Temperature responses are a window to the physiology of dark respiration: differences between CO2 release and O2 reduction shed light on energy conservation


M. A. Adams. Fax: +61 2 9385 2120; e-mail: Mark.Adams@unsw.edu.au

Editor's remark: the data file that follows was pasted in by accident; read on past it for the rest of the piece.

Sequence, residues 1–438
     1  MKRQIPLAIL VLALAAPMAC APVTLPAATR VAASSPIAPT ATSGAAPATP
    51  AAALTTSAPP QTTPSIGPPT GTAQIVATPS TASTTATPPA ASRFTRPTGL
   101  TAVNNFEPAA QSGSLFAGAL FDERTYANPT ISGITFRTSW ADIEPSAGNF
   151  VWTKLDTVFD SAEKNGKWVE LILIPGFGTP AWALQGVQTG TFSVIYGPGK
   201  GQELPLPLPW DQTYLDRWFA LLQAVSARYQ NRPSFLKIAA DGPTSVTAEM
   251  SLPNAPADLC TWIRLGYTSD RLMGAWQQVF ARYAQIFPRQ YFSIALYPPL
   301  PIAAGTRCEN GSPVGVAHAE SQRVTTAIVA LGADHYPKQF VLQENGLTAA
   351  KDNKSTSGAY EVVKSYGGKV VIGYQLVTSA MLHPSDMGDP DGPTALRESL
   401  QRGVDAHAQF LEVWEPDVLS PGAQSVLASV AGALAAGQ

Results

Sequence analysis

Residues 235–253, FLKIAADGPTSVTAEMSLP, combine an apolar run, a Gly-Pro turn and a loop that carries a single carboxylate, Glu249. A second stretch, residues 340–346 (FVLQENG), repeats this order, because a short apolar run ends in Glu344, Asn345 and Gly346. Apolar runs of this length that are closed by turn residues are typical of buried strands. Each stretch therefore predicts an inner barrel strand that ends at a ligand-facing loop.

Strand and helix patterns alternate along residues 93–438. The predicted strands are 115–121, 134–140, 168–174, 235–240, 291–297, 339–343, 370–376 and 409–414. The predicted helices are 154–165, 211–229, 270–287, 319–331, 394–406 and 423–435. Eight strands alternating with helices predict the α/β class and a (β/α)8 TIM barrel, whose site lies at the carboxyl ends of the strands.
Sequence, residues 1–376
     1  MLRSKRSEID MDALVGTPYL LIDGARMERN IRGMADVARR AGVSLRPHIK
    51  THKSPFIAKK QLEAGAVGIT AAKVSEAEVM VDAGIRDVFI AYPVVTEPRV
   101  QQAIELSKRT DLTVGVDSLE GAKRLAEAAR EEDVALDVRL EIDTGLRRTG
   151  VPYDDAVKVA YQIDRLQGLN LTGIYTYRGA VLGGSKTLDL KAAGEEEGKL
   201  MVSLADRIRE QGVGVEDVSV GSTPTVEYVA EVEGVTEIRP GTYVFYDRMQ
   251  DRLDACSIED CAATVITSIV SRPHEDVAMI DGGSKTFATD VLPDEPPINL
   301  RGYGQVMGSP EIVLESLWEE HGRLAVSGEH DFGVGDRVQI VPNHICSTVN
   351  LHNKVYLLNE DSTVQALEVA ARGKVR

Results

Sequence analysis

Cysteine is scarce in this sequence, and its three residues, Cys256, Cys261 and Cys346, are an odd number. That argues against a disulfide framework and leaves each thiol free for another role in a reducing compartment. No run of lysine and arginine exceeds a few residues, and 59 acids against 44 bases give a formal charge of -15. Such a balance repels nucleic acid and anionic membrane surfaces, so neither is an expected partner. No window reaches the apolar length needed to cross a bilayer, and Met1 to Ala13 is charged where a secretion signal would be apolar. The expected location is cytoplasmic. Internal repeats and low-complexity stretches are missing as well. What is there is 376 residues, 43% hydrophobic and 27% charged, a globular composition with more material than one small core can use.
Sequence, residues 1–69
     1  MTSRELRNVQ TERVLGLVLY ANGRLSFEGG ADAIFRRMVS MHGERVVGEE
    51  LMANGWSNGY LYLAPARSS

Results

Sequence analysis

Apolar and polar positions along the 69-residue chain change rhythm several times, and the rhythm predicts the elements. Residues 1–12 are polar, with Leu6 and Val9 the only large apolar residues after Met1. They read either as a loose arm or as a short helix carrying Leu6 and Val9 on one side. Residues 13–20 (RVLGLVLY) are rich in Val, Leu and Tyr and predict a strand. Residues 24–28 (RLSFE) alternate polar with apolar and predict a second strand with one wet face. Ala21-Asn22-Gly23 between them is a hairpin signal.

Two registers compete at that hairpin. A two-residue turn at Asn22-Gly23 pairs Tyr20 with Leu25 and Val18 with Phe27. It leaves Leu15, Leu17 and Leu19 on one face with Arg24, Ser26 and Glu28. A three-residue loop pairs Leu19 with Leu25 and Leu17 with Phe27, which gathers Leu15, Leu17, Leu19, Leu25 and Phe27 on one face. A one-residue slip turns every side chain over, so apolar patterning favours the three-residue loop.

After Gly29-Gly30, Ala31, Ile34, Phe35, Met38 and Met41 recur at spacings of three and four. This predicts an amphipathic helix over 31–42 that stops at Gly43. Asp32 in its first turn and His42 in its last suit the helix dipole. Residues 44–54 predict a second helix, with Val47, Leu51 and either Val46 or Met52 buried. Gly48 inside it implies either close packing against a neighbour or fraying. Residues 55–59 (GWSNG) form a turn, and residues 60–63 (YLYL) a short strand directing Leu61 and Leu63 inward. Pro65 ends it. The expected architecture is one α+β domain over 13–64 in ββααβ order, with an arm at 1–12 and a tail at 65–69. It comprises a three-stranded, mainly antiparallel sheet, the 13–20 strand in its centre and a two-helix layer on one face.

We showed that temperature responses of dark respiration for foliage of Pinus radiata could be approximated by Arrhenius kinetics, whereby E0 determines shape of the exponential response and denotes overall activation energy of respiratory metabolism. Reproducible and predictable deviation from strict Arrhenius kinetics depended on foliage age, and differed between RCO2 and RO2. Inhibition of oxygen reduction (RO2) by cyanide (inhibiting COX) or SHAM (inhibiting AOX) resulted in reproducible changes of the temperature sensitivity for RO2, but did not affect RCO2. Enthalpic growth – preservation of electrons in anabolic products – could be approximated with knowledge of four variables: activation energies (E0) for both RCO2 and RO2, and basal rates of respiration at a low reference temperature (RREF). Rates of enthalpic growth by P. radiata needles were large in spring due to differences between RREF of oxidative decarboxylation and that of oxygen reduction, while overall activation energies for the two processes were similar. Later during needle development, enthalpic growth was dependent on differences between E0 for RCO2 as compared with RO2, and increased E0(RO2) indicated greater contributions of cytochrome oxidase to accompany the switch from carbohydrate sink to source. Temperature-dependent increments in stored energy can be calculated as the difference between RCO2HCO2 and RO2HO2.